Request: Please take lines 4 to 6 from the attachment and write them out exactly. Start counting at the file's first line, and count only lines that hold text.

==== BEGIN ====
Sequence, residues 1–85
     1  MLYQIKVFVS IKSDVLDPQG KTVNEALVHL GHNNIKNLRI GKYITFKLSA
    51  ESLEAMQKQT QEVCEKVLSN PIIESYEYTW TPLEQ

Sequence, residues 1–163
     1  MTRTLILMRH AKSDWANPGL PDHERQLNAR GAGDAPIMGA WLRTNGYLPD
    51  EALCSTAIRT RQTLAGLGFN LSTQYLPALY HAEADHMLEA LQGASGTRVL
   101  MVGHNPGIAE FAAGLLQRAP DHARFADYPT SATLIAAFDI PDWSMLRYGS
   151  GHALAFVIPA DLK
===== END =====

Sequence, residues 1–163
     1  MTRTLILMRH AKSDWANPGL PDHERQLNAR GAGDAPIMGA WLRTNGYLPD
    51  EALCSTAIRT RQTLAGLGFN LSTQYLPALY HAEADHMLEA LQGASGTRVL